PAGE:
Friday, June 01, 2001

Fund-raiser season help parties gird for 2002

By Patrick Crowley
The Cincinnati Enquirer

        VILLA HILLS — Though no elections are scheduled in 2001, Northern Kentucky's political parties are raising money and building support anyway.

        Events held this week show how party leaders, contributors and activists are spending time preparing for the 2002 elections, when congressional, Kentucky statehouse, county and some local races will be decided.

        • The Campbell County Republican Party's Lincoln 100 — a group to which each member contributes $100 annually to help fund the GOP's courthouse candidates — held a Wednesday night reception in Fort Thomas featuring U.S. Sen. Jim Bunning, a Southgate Republican.

        About 70 people attended, said Campbell County GOP Chairwoman Barb Haas.

        “It wasn't a fund-raiser,” Mrs. Haas said. “It was more of an appreciation for the people who have joined the Lincoln 100, which is a fairly new organization for us.”

        • Kenton County Judge-executive Dick Murgatroyd, a Villa Hills Republican, held a campaign fund-raiser Thursday night that his campaign expected to raise $50,000.

        • The Kenton County Democrats' Truman Club — a group similar to the Campbell County GOP's Lincoln 100 — raised about $5,000 during a luncheon Thursday at the Villa Hills home of Doug and Gina Clemons.

        Attending were U.S. Rep. Ken Lucas, a Boone County Democrat representing Kentucky's 4th District; U.S. Rep. Baron Hill of Indiana, a Democrat who represents Southeastern Indiana; and Kentucky House Speaker Jody Richards, D-Bowling Green, who plans to seek the party's nomination in the 2003 gubernatorial primary in a field that is expected to include Attorney General Ben Chandler, Lt. Gov. Steve Henry and former Gov. Brereton Jones.

        • Mr. Lucas held a campaign fund-raiser Thursday night at Triple Crown Country Club in Richwood, where he lives.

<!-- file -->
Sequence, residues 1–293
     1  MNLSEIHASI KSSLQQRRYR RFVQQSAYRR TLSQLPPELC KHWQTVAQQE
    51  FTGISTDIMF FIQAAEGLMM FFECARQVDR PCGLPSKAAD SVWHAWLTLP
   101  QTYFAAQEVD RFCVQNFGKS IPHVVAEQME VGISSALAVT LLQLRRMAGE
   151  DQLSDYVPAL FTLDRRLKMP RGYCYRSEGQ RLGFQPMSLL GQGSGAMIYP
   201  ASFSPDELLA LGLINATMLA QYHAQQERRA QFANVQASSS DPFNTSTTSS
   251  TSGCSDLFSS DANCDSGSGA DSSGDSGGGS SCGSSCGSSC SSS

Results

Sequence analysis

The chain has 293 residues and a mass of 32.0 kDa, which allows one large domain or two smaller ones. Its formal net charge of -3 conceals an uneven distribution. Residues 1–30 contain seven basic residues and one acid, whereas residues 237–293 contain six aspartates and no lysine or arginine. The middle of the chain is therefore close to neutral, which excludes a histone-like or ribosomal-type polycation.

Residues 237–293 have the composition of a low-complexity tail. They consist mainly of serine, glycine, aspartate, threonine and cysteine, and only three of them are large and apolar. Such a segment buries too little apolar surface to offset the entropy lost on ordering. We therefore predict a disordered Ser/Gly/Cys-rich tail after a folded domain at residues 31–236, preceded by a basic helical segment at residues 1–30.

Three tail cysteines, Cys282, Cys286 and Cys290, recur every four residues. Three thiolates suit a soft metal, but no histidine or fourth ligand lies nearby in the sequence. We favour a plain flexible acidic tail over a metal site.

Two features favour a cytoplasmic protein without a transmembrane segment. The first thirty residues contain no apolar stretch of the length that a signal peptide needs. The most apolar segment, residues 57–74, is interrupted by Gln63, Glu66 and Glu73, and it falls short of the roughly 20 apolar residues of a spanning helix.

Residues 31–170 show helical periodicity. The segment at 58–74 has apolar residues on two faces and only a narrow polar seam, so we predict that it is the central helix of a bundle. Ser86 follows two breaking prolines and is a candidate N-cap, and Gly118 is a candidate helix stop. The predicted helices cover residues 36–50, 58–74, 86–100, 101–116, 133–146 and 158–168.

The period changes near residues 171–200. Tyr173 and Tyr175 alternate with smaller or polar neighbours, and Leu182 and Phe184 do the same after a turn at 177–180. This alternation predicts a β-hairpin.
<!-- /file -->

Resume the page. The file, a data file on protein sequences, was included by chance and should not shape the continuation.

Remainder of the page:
Other area officeholders have also recently held campaign fund-raisers, including Campbell County Attorney Justin Verst, Campbell County Coroner Mark Schweitzer and Kenton County Jailer Terry Carl.

        “This is the time of year when you want to be out keeping people interested and getting ready for the next elections,” Mrs. Haas said. “Our Lincoln 100 didn't hold a fund-raiser this week, but we will in the future to raise money our candidates for countywide office will need next year.”

        Mr. Hill told the 60 or so Democrats at Thursday's Truman Club event that off-year events and party building makes the difference in elections.

        “I know it's hard work, but your participation in getting people elected to office is very important,” said Mr. Hill, who represents Indiana's 9th Congressional District.

        “I'm impressed with this crowd today. Obviously you are going to make things happen. And anybody who gets together ... to beat those damn Republicans, I'm for you,” Mr. Hill said to loud laughter and applause.

        Many of those at Thursday's event were talking about Vermont Sen. James Jeffords, who left the Republican Party to become an independent. That move gives Democrats the Senate majority and Mr. Jeffords has pledged to vote with the party on many issues.

        Mr. Lucas said Mr. Jeffords' switch will put legislation on “the fast track,” including bills dealing with a prescription-drug benefit for seniors, a patients' bill of rights and campaign finance reform.

        Mr. Richards will give tonight'scommencement address at Holmes High School in Covington.

        Asked if he is also working to build support for his gubernatorial run, Mr. Richards smiled before saying, “maybe a little.”


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